It’s early morning here on the West Coast. The rest of my family is still sleeping soundly when my alarm goes off at 5:30am. I stumble about, getting dressed, making a cup of hot tea, fiddling with the settings on my phone and WhatsApp – the application I’ll be using shortly to do something I’ve not done before.
Surprisingly, given my somewhat bleary state of mind, it works. I’m able to create a group video chat. Will anyone show up? But very shortly I have three faces – or at least the portion of three faces – staring back at me. People I’ve never met, but brothers and a sister in Christ a half a world away from me in the small country/city of Singapore.
They stare back at me with nervous smiles that probably match my own. Who am I, this strange new face introduced just a week or two ago by a familiar pastor they haven’t been able to see since halfway through Covid? What will I be like? What will they be like? I’ve been teaching in one capacity or another for close to 30 years now, but it’s always like this the first day of class. Uncertainties. Learning who one another is, what sorts of senses of humor people have (if any!), whether they’ll be engaged and active or more passive and quiet.
All of that aside from cross-cultural challenges. As I ask for feedback and input from these folks and they are reticent to reply, is this a cross-cultural issue? Is it unusual for a teacher or a pastor to ask students and parishioners for feedback, opinions, suggestions? Am I creating greater tension and nervousness by trying to be solicitous?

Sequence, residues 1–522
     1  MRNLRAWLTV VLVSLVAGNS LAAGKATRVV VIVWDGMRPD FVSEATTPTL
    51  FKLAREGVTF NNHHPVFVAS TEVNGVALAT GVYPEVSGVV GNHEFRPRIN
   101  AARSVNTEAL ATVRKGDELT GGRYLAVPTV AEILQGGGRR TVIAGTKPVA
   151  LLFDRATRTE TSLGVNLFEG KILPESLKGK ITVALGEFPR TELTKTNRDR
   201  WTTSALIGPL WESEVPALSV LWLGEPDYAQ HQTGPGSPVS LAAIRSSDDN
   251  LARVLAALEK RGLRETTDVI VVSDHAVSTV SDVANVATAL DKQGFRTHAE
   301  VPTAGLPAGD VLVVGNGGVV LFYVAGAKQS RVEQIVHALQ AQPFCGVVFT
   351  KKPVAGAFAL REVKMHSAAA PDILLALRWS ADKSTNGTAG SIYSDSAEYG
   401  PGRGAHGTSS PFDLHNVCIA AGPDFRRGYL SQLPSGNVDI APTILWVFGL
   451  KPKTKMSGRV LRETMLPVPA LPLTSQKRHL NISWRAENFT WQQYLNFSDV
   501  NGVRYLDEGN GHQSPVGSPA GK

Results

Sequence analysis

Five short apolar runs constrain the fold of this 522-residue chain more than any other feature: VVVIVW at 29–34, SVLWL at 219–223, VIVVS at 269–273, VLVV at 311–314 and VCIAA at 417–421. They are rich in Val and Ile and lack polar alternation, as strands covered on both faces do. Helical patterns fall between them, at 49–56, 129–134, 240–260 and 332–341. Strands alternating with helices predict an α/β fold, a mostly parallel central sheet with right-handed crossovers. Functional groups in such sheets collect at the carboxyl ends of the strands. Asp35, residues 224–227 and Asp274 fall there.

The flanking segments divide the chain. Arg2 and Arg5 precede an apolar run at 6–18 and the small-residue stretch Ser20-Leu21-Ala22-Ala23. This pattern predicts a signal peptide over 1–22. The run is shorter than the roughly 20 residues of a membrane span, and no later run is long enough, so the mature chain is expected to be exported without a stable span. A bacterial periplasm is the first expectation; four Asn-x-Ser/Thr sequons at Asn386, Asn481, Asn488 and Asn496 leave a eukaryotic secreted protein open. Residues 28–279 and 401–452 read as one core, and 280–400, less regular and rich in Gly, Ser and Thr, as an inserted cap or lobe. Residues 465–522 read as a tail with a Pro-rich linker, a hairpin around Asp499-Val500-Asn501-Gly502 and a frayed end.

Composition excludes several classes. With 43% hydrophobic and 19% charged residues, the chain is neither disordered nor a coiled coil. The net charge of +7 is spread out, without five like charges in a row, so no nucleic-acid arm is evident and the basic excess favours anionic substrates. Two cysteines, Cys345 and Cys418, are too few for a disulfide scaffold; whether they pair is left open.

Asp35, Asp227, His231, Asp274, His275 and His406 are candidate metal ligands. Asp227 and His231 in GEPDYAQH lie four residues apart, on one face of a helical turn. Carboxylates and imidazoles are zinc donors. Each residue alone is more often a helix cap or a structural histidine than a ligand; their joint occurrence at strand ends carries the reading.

Eventually things begin to move forward. I’ll take the lead, since as a pastor that’s somewhat expected of me and one I’ve had to develop a comfortability with over the years. When I ask for their prayer requests they are far quicker to answer. Nervousness about career options. Fear because a co-worker in a large office-building tested positive for Covid. Worries about family in neighboring countries that is still recovering from Covid. Together we pray, eyes closed on the small screen, united in faith and trust in our heavenly Father from whom all blessings flow, most particularly the blessing of forgiveness and salvation in his Son, Jesus the Christ.
I think this will be a good experience, moving forward. We’ll get to know each other, but more importantly the Word of God will do what it always does, and that’s far more important than the earliness of the hour or technological tenuousness. The Word that promises to bind our hearts in faith in Christ together across the globe and for all eternity.